Mark Lauren

Best-Selling Author, Veteran, and Former Physical Trainer of Nearly a Thousand Elite Special Operations Warriors

In this week’s Team Never Quit Podcast, Marcus has an engaging conversation with Mark Lauren, who revolutionized the U.S. army’s training systems, and trained hundreds of U.S. Special Forces operatives. Mark possesses astonishing physical prowess as a Military Physical Training Specialist, Special Operations Combat Controller, triathlete and mixed martial artist. He broke, and still holds, the Department of Defense s long-standing underwater record by swimming 133 meters, on one breath, subsurface, for 2 minutes and 23 seconds. He is also a bestselling fitness author.

Mark trained and competed all across Thailand in Muay Thai. His physical and mental development has inspired a new approach to fitness that has allowed millions of people to move better without the confines of a gym. Mark’s book, You Are Your Own Gym was published by Random House. His audience identifies with his minimalist approach to fitness, as well as his stories of overcoming failures.

 

In this episode you will hear:
  • I started working out when I was 12 with pushups and sit-ups next to my bed. I got to the point that I could do indefinite sit-ups.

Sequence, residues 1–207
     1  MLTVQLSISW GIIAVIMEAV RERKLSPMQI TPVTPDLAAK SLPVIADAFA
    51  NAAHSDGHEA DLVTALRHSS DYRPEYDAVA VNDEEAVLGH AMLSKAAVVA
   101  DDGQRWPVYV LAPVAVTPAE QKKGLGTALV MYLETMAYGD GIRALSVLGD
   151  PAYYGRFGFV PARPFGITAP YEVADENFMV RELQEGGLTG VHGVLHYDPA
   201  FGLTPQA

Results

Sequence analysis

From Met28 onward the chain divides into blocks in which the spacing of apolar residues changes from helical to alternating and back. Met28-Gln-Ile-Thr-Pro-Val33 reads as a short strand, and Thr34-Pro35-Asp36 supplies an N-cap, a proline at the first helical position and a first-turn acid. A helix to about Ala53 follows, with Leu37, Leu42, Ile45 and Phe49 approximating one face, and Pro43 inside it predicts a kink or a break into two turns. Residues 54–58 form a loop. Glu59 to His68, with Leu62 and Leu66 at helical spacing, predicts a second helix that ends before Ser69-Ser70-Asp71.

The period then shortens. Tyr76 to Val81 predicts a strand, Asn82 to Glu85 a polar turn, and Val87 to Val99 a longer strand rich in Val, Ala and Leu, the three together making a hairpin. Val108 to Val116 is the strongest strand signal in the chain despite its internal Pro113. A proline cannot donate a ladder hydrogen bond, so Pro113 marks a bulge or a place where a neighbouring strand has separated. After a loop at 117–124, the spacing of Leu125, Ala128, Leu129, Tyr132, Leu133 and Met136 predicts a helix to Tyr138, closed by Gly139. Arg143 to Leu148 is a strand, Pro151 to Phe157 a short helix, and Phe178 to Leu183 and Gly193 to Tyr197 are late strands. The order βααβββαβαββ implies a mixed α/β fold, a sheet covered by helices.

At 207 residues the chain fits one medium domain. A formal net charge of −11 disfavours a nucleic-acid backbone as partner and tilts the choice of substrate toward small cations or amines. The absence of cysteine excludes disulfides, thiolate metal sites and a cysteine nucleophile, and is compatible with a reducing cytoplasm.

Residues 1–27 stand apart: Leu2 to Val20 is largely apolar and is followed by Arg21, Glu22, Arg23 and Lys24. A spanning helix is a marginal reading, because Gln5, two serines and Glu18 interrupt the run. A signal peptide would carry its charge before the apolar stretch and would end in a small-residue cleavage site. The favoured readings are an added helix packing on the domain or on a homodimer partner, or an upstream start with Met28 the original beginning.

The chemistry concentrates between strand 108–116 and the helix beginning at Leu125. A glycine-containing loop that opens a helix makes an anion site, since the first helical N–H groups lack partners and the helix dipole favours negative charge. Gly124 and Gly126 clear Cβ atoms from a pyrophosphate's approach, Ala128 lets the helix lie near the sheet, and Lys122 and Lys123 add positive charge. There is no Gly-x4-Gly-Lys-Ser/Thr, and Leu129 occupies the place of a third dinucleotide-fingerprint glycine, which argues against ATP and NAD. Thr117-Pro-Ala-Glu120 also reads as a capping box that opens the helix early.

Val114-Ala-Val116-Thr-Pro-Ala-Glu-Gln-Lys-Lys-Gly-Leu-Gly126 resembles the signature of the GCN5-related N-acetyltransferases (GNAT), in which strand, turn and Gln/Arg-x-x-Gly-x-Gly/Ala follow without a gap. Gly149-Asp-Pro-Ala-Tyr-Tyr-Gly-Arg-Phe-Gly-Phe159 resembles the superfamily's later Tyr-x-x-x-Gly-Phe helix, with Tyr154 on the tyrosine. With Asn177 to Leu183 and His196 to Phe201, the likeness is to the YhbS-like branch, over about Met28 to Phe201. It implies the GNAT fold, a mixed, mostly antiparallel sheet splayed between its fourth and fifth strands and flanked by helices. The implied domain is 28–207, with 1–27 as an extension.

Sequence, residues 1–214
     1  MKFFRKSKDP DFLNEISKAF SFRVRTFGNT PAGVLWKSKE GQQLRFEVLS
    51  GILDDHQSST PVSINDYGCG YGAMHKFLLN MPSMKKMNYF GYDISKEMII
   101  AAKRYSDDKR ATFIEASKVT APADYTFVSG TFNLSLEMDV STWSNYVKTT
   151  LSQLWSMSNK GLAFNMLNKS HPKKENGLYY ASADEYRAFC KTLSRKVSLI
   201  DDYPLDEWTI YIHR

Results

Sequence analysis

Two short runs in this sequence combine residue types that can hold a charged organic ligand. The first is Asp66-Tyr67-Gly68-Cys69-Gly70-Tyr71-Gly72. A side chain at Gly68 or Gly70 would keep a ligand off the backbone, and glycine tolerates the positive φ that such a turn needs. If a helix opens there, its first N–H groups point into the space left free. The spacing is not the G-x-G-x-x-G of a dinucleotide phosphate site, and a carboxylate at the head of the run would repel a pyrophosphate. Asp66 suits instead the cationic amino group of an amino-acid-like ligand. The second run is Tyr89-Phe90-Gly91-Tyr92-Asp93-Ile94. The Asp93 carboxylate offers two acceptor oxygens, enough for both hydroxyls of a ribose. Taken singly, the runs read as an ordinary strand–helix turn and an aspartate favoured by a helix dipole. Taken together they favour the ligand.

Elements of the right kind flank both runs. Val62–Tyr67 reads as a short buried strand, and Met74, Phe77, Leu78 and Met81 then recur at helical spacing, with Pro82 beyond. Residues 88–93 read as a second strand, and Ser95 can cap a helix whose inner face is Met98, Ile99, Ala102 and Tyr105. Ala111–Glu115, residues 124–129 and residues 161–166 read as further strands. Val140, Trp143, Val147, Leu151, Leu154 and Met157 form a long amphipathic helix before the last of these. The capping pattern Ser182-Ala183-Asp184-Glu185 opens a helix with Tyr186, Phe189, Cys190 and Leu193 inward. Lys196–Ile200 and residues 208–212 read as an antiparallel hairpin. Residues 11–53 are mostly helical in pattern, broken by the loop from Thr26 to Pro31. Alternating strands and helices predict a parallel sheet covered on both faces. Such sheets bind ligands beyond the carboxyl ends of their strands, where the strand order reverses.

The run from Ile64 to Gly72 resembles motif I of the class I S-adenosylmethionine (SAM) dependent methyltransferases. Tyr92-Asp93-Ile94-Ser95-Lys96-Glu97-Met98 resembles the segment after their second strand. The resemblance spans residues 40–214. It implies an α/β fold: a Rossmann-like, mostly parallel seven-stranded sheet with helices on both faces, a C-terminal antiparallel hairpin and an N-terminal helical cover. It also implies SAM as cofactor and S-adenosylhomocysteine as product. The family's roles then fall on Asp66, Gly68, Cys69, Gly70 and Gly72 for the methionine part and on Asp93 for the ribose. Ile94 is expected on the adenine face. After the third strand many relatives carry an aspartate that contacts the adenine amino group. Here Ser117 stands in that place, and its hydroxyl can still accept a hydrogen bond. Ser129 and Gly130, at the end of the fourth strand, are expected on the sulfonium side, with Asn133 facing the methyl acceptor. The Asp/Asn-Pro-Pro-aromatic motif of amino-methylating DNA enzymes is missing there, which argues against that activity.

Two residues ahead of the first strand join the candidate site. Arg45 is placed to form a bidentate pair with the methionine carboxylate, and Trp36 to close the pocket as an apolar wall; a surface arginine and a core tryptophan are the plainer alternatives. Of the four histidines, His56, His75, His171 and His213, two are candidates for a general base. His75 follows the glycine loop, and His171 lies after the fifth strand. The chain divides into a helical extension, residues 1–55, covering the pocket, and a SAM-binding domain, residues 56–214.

• Physical fitness is about fundamentals – it’s about basics.
  • Characteristics like respect and discipline are what parents need to teach.
  • Real character does not reveal itself when everything is great.
  • You only fail when you quit. When you fail, brush yourself off and do it again.
  • Whatever success I’ve had is built on repetitive failures.
  • When I got out of the military, I really missed the comradery and sense of purpose.
  • Exercise doesn’t necessarily relate to improved performance.
  • If your fundamentals are strong, it’s much easier to specialize.
  • You really need to be good at getting from point A to point B – Locomotion.
  • The first 3 things people need to do is to reestablish basic joint functions for the hips, spine, and shoulders.
  • There’s a difference between performance and exercise.
  • An important part of good exercise habits is to engrain good habits.
  • What you put your attention on, and controlling your breathing do a lot to influence your feelings.
  • General health and well-being depends on doing basic things really well.
  • One of the main things that keep people from really getting fit – is doing too much.
  • Start small and progress gradually.

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